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Tennis Rating: How Good Is Your Tennis?

Updated: Feb 8, 2022

Have you ever wonder what is your current tennis rating?

If you just started learning tennis, you are probably trying to consistently hit the tennis ball over the net and stay ‘alive’. You might be taking lessons from a tennis coach and every session, your coach teaches you how to hit forehands and backhands and practice with baskets and baskets of balls.

What about those who are already playing socially and not taking any lessons? You have a weekly gathering at your favorite tennis court and you play with your friends for two hours. A great workout! However, if you are seriously thinking of improving your tennis skills, you are not sure which direction to go.

How do you know where you are right now? How to get to the next level?

What is the next level by the way?

Find Out Your Tennis Rating With NTRP

Enter National Tennis Rating Program (NTRP).

Now, this rating system is not created by me.

The United States Tennis Association uses NTRP ratings to rate the players based on skill level.

It has different levels and each level describes the characteristics of the different aspects of the game. Want to know how does a 2.0 and 3.0 tennis forehand looks like? You can easily compare the characteristics.

Besides knowing your level, what are the other benefits in using NTRP?

I have categorized the benefits for the different groups of people:

For social players

Knowing your NTRP helps you to find players of similar levels to play with. Imagine a 4.5 player playing with a 2.0 player. I think the 4.5 player will end up coaching the 2.0 player than playing.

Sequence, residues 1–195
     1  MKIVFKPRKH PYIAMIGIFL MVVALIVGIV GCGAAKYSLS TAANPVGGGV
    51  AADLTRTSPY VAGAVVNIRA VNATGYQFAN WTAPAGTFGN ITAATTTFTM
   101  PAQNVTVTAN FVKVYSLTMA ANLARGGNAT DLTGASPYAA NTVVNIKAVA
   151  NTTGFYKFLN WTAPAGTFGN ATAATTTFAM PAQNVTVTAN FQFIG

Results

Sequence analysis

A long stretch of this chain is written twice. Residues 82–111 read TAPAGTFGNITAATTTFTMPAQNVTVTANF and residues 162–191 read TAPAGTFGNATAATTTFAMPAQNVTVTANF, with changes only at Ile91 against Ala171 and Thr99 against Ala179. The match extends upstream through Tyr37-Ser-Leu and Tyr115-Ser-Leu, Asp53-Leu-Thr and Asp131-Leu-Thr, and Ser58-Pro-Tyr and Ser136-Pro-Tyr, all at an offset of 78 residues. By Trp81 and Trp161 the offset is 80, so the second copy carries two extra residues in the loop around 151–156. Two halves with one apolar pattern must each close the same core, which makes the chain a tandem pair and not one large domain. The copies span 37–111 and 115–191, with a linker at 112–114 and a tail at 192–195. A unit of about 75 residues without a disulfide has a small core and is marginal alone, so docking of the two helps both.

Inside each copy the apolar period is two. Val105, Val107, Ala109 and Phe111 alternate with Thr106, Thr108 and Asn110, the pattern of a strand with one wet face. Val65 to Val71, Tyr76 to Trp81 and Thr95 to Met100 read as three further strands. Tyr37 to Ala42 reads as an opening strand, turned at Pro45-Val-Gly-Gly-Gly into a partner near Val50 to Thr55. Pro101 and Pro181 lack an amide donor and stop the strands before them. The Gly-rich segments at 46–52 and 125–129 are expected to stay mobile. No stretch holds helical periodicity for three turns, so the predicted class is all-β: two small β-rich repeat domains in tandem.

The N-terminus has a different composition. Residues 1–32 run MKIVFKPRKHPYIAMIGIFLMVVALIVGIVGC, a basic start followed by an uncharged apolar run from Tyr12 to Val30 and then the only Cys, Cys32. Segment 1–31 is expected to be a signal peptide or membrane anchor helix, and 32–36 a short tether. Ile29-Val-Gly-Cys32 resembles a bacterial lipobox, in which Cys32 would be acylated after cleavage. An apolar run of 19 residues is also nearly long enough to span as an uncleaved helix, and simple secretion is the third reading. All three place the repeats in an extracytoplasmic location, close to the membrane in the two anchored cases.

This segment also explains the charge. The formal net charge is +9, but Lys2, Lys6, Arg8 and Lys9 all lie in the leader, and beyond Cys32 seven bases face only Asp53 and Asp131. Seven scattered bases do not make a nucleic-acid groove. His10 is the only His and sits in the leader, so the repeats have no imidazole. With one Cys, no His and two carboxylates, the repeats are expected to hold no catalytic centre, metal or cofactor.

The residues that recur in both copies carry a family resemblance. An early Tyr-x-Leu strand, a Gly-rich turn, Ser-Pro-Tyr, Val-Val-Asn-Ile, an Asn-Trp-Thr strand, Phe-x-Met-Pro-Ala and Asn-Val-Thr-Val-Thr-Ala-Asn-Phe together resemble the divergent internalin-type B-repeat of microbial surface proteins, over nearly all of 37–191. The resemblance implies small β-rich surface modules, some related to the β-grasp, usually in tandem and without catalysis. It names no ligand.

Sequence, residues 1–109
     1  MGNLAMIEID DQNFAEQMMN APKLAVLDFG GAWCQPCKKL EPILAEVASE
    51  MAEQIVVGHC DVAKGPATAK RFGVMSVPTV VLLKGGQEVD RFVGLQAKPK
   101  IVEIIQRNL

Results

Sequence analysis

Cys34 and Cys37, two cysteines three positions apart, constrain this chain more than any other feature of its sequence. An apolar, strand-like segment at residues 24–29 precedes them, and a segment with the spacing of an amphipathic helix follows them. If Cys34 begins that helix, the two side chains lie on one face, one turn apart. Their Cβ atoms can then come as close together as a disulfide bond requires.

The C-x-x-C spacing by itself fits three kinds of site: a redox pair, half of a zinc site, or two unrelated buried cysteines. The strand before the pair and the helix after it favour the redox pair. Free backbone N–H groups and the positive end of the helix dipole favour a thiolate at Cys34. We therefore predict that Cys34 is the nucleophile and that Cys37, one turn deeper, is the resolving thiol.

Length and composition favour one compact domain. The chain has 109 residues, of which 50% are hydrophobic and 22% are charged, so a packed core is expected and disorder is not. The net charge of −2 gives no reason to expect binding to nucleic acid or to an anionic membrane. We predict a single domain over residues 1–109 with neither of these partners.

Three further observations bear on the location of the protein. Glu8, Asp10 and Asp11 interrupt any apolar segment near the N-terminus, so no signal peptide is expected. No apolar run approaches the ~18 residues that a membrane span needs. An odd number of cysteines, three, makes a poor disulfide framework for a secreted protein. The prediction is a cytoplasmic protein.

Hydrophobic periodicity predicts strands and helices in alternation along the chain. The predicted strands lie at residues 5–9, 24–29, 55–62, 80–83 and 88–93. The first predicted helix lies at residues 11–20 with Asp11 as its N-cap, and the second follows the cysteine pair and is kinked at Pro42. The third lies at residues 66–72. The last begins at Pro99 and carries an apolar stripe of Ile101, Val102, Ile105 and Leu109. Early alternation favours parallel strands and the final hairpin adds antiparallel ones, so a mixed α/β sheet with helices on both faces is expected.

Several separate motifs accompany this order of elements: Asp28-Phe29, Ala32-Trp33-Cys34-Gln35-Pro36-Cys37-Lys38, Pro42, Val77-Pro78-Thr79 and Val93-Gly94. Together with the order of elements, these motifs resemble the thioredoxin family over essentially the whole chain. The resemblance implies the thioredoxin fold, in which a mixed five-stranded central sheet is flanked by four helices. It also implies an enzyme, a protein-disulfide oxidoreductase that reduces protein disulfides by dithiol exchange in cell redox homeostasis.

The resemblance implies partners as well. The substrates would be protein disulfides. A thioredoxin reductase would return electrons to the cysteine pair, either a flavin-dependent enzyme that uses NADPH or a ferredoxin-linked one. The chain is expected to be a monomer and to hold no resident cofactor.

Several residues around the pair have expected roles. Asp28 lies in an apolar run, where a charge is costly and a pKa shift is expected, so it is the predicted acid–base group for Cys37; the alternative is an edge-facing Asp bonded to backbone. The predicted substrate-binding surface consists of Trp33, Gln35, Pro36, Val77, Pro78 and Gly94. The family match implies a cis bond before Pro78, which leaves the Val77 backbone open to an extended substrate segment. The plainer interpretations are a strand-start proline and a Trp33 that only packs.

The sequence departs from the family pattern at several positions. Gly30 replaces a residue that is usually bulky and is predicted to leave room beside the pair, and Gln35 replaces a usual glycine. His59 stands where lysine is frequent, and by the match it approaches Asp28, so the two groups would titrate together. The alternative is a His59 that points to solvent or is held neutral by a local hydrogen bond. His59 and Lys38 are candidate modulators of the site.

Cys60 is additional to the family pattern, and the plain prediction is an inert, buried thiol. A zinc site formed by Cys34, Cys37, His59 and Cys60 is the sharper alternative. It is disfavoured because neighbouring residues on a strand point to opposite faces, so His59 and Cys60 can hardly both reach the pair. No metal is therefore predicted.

For competitive players

You definitely want to improve your tennis and win more matches right? Knowing your current level will give you an indication what is the next level to work towards.

You can also play with someone who is .5 level higher than you so that you can gain exposure to high-level players.

Know what are your strengths and weaknesses based on the characteristics. Don’t be surprised that your game is one-sided. You might possess a strong forehand but your serve is questionable. So work on your strengths and weaknesses and develop a game plan for yourself.

For coaches

I think we are accountable to our players’ progress. But how do we reflect this accountability? Well, we can verbally tell them, “Your forehand has improved.” or “You need to work on your backhand more often.” Instead of giving vague feedback, show them the rating program, assess them and give them a rating.

From the rating, the player now knows that he/she needs to gain certain skills in order to get to the next level.

Formulate training program based on the players’ level. When the player and coach know the direction to go, the coach is able to plan every lesson with a specific purpose.

NTRP Breakdown